Templates by BIGtheme NET


Annabel, mother to 2 and a half year old Zora explains how her little angel becomes overwhelmed when surrounded by ‘strange’ people. Strange meaning, someone else apart from her mummy, daddy or nanny. This may seem an almost normal behavior to most toddlers: clinging to their mothers or fathers and an attempt to carry them results in screams and crying.

“She is always in my arms, and never leaves my hand. In church, visiting friends, shopping…and at times I have to bring her nanny everywhere with me for that extra hand with Zora”, Anna says. “Zora never shows interest in other kids her age, or even if she does, she looks too shy to go join them in play.” Anna continues. Is Zora behind in her social development? Anna wondered. Should I be worried?

Any mother will confess that it is not the best feeling having an anti-social toddler. By this I mean, your little girl or boy will not leave your sight with other people around, not even for a second. This may seem normal since most kids spend a lot of time with their parents and are not yet ready/comfortable to spend time with other strange people. But the worst thing about this is that you cannot carry your toddler with you everywhere. Parents need to be proactive about teaching appropriate social skills. After all, toddlers aren’t born knowing how to share, take turns or wait patiently. In this article Mum and Dad shares tips on how to help your little one get their socializing game on.



Social-Skill Development

Children begin showing interest in playing with peers around the age of 2. Younger toddlers tend to engage mostly in parallel play, where they play next to other children without much interaction. Even if they wanted to interact with other children, they lack the social skills to do so. Create opportunities to help your toddler learn how to appropriately play with peers and interact with adults. As with any new skill, this will take a lot of prompting and practice.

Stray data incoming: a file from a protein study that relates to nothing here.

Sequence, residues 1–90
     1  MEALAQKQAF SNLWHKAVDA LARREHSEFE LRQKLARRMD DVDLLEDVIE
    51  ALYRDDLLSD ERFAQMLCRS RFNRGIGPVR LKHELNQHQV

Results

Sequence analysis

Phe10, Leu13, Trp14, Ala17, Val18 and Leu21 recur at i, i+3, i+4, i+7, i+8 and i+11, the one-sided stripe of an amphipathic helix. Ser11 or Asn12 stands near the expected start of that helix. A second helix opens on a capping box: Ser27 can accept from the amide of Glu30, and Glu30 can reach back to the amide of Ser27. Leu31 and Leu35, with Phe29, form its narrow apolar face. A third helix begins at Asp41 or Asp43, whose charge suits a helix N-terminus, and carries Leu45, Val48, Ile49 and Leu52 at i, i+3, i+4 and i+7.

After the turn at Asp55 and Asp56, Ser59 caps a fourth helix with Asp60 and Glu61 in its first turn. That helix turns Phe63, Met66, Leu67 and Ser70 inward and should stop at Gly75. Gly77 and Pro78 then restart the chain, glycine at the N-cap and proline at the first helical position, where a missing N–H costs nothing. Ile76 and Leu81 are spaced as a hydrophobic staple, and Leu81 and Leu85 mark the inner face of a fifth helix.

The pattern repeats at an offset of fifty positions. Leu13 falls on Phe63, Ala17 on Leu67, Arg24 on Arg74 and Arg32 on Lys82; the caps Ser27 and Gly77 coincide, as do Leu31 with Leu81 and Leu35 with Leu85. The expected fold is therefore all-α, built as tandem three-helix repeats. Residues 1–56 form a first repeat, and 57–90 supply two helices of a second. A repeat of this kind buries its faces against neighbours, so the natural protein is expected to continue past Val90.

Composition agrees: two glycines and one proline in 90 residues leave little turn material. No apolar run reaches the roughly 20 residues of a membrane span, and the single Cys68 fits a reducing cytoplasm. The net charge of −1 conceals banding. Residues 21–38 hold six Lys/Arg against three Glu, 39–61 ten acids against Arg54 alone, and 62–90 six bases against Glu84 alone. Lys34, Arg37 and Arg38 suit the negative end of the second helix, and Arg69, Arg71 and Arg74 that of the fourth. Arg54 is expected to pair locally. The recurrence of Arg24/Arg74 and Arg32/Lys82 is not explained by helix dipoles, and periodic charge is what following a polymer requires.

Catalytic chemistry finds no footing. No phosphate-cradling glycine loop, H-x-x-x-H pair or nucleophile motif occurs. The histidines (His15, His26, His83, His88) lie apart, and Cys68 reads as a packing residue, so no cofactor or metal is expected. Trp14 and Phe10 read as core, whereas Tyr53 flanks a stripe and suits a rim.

One of the best ways to teach appropriate social skills to your toddler is to model them yourself. Use each community outing as an opportunity to show your toddler how to interact with others. Show them that you can greet someone who you don’t even know. Express other ways to say hi so your child can see multiple interactions. You could also turn social skills into a game by saying, “When we leave the house today we are going to greet ten people this morning.” Point out each social interaction and count each greeting together.

Through Play

While playing with your little one, verbalize specific social skills as you are using them .Say, “I’m going to share this doll with you because that’s a nice thing to do when you’re playing.” Point out how to take turns by saying, “I’m waiting for my turn until you are done.” Use puppets, dolls or action figures to show other skills, such as how to invite a friend to play or how to respond to a child who behaves aggressively.




You can practice by involving extended family in helping your child learn and practice social skills in a safe environment. If he makes a mistake or has difficulty, coach him and keep practicing until he develops a better understanding.Do not tell the child exactly what to do. “Instead of telling your child, ‘Say hi to grandma,’ give him an open-ended command. Say, ‘Please come give grandma a nice greeting.'” By leaving it open-ended, you allow your child to think for himself and develop a better understanding of the skills, versus simply repeating what you say.

Play date

Plan a play date with another toddler, but provide a structured activity that gives the toddlers an opportunity to engage in some parallel play. Make a toy box to share with a friend. Fill two identical boxes with similar toys and tell your toddler to invite the other child to play with him. Most toddlers love to be invited to play. This age group often does parallel play, so having two boxes of the same thing allows each toddler to play, and yet they might have social interactions while playing. Stay close by while they are playing and help them interact successfully.

Community Activities

Toddlers do not necessarily need to go to day care just for socialization purposes. Instead, look for opportunities in the community that can offer your child social interactions. Parent and child classes give your toddler an opportunity to socialize with same-age peers. Libraries often offer story times or other activities that provide socialization. Encourage participation in unstructured community activities by going to the playground or a children’s museum. Prompt your child to greet other children. Provide coaching with specific skills, such as sharing and taking turns.